The tawny crazy ant, Nylanderia fulva (Mayr) (Hymenoptera: Formicidae), has invaded states of the U.S. including Texas, Louisiana, Mississippi, Alabama, Florida, and Georgia. Native to South America, N. fulva is considered a pest in the U.S. capable of annoying homeowners and farmers, as well as displacing native ant species. As it continues to expand its range, there is a growing need to develop novel management techniques to control the pest and prevent further spread. Current management efforts rely heavily on chemical control, but these methods have not been successful. A review of the biology, taxonomy, ecology, and distribution of N. fulva, including discussion of ecological and economic consequences of this invasive species, is presented. Options for future management are suggested focusing on biological control, including parasitoid flies in the genus Pseudacteon, the microsporidian parasite Myrmecomorba nylanderiae, and a novel polynucleotide virus as potential biological control agents. We suggest further investigation of natural enemies present in the adventive range, as well as foreign exploration undertaken in the native range including Paraguay, Brazil, and Argentina. We conclude that N. fulva may be a suitable candidate for biological control. Full article
(This article belongs to the Special Issue Invasive Insect Species)
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Open AccessReview
Positive and Negative Impacts of Non-Native Bee Species around the World
Insects 2016, 7(4), 69; https://doi.org/10.3390/insects7040069 - 28 Nov 2016
Cited by 23
Abstract
Though they are relatively understudied, non-native bees are ubiquitous and have enormous potential economic and environmental impacts. These impacts may be positive or negative, and are often unquantified. In this manuscript, I review literature on the known distribution and environmental and economic impacts [...] Read more.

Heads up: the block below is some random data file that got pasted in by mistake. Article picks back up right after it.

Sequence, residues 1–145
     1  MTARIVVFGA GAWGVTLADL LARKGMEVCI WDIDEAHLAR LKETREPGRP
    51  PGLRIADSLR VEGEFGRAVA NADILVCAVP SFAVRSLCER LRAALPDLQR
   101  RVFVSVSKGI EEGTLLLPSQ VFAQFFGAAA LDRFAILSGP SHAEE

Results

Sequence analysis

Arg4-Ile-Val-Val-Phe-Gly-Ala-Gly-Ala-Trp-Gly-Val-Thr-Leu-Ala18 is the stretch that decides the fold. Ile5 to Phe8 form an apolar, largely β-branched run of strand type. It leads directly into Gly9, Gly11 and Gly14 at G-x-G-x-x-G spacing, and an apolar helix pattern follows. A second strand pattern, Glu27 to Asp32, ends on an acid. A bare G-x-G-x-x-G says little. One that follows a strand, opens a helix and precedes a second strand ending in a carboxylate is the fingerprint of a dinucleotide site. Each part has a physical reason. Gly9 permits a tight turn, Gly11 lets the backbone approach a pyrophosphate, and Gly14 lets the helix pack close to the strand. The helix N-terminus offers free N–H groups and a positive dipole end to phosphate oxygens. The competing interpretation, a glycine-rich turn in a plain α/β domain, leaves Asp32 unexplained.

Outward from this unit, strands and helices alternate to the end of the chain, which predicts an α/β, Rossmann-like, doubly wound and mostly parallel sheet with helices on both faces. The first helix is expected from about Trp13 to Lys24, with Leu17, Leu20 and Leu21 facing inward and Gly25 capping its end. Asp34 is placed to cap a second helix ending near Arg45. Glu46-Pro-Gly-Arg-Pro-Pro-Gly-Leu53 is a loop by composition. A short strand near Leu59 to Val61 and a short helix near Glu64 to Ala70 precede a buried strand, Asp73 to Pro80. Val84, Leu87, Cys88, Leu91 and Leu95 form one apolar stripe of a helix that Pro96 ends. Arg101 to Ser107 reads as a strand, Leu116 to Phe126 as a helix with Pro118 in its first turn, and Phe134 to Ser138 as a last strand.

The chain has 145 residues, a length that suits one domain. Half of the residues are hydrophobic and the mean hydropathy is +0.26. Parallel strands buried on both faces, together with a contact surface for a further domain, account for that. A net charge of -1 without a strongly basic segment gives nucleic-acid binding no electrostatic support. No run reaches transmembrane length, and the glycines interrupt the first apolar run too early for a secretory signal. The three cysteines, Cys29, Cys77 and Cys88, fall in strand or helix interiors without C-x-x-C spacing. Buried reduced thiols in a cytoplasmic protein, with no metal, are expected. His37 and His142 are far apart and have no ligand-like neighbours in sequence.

Though they are relatively understudied, non-native bees are ubiquitous and have enormous potential economic and environmental impacts. These impacts may be positive or negative, and are often unquantified. In this manuscript, I review literature on the known distribution and environmental and economic impacts of 80 species of introduced bees. The potential negative impacts of non-native bees include competition with native bees for nesting sites or floral resources, pollination of invasive weeds, co-invasion with pathogens and parasites, genetic introgression, damage to buildings, affecting the pollination of native plant species, and changing the structure of native pollination networks. The potential positive impacts of non-native bees include agricultural pollination, availability for scientific research, rescue of native species, and resilience to human-mediated disturbance and climate change. Most non-native bee species are accidentally introduced and nest in stems, twigs, and cavities in wood. In terms of number of species, the best represented families are Megachilidae and Apidae, and the best represented genus is Megachile. The best studied genera are Apis and Bombus, and most of the species in these genera were deliberately introduced for agricultural pollination. Thus, we know little about the majority of non-native bees, accidentally introduced or spreading beyond their native ranges. Full article
(This article belongs to the Special Issue Invasive Insect Species)